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wrote in message

And then there are climates where it's a good investment, but some people believe that 90 degrees in August (indoors) here in Rochester NY is not as uncomfortable as 90 degrees outdoors in Miami, simply because we have a longer winter. Figure THAT logic out! Fortunately, such people are largely ignored.
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I agree with them. After months of cold it is a nice change to be uncomfortably warm for a short while. And it is a short while. Sweat a bit, it can be very sensual.
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Yeah...it's great to stick to the furniture and arrive at work smelling like you just ran 5 miles in the sun. :-)
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This is one reason I installed an attic fan -- if you can reduce the temperature in the attic such that the temperature in the house is reduced just a few degrees, you can prevent running a window AC unit (or several), which saves money in the end. Heck, it's 80+ during the day here in CT, but it gets into the low to mid 60s at night. Contrast that with AZ, where it could be 90 for a LOW.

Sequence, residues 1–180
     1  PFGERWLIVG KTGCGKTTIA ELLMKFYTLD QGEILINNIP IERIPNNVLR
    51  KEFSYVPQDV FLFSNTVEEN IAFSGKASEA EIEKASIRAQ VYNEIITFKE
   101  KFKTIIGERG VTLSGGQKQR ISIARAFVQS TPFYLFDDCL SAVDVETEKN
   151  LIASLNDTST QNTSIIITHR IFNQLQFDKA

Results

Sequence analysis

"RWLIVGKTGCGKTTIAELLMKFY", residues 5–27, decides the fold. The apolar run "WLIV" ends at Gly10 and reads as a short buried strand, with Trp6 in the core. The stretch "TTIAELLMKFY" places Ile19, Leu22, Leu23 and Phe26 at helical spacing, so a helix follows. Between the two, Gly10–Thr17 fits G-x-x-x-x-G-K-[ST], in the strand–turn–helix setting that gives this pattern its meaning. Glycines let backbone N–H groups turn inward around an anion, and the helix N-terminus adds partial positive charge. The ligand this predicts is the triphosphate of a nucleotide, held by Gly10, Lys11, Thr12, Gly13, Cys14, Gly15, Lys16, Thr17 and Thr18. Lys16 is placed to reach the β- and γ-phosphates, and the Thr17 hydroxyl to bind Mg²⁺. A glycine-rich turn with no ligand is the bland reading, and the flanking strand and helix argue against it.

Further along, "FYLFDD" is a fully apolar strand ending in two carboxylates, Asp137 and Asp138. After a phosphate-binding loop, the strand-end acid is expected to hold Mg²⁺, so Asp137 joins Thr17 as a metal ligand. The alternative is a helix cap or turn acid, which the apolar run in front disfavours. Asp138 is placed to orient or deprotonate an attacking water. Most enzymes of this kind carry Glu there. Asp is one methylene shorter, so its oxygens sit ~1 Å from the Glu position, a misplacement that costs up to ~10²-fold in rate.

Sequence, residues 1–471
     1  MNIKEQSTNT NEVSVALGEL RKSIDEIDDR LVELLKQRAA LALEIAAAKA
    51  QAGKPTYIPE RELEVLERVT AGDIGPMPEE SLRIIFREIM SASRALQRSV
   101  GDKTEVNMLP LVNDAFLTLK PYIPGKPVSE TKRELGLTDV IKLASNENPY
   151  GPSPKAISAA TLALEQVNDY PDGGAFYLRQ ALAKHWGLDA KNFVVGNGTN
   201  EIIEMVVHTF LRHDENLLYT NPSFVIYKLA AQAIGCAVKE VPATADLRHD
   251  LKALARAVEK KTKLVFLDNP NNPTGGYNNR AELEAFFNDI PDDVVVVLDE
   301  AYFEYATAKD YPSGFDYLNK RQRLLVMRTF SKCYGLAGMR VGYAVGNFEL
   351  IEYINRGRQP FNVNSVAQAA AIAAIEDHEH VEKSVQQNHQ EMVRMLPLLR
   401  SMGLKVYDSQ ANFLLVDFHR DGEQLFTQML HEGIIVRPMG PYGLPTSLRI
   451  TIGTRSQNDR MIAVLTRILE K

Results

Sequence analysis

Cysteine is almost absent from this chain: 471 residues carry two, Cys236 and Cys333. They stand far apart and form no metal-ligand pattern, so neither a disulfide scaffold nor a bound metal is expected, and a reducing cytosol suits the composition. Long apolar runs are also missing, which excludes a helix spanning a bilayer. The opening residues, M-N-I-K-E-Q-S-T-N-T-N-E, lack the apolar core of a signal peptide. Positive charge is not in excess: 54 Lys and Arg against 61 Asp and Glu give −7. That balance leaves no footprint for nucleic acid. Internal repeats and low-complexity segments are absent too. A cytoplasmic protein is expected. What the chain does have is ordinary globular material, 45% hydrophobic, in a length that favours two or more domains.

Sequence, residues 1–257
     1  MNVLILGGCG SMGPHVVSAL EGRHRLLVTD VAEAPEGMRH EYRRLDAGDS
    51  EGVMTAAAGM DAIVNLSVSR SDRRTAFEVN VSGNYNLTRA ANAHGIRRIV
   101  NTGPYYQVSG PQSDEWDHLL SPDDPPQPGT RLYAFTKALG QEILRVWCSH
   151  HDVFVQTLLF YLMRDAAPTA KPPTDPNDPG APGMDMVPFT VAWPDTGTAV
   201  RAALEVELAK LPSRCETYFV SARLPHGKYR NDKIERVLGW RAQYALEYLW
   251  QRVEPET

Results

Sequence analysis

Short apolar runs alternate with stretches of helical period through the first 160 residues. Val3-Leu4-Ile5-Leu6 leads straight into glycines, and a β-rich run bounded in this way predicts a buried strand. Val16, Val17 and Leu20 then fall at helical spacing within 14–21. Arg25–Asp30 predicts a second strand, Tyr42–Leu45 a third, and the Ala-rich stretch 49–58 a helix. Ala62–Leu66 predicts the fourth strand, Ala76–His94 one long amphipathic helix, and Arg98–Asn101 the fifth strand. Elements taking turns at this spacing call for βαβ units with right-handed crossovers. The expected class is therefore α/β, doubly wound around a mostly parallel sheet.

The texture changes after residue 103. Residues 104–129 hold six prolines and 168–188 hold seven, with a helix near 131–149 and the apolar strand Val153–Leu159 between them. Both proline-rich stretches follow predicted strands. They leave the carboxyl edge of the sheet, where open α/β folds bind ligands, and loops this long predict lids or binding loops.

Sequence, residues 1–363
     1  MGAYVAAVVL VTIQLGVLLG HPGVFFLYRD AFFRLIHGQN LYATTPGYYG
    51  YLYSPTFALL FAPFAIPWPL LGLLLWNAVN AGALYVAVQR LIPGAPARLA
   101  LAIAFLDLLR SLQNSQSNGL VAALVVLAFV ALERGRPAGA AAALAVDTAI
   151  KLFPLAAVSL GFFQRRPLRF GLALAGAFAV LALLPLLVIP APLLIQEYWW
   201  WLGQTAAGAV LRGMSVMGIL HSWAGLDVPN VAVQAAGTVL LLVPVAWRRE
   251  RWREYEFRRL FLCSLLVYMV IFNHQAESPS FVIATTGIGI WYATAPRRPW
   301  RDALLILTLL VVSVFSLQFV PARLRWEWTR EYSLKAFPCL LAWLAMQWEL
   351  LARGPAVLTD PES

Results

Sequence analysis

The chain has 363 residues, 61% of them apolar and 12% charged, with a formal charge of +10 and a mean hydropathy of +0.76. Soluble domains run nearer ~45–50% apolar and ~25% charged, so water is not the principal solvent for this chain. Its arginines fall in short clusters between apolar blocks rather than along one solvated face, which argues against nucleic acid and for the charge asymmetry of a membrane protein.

--
Bob in CT
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but it's a dry heat. it was <10% humidity all this week, with one day getting below 5%.
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Charles Spitzer posted for all of us....

I remember you saying 15% elsewhere...
--
Tekkie

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Someone needs to learn how to calibrate their humidistat and watch a weather channel once in a while, 10 % is the Sahara
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I've got a whole house fan, which works wonders, if the temps get down at night. Pull out all the hot air during the night, and close up the house during the day.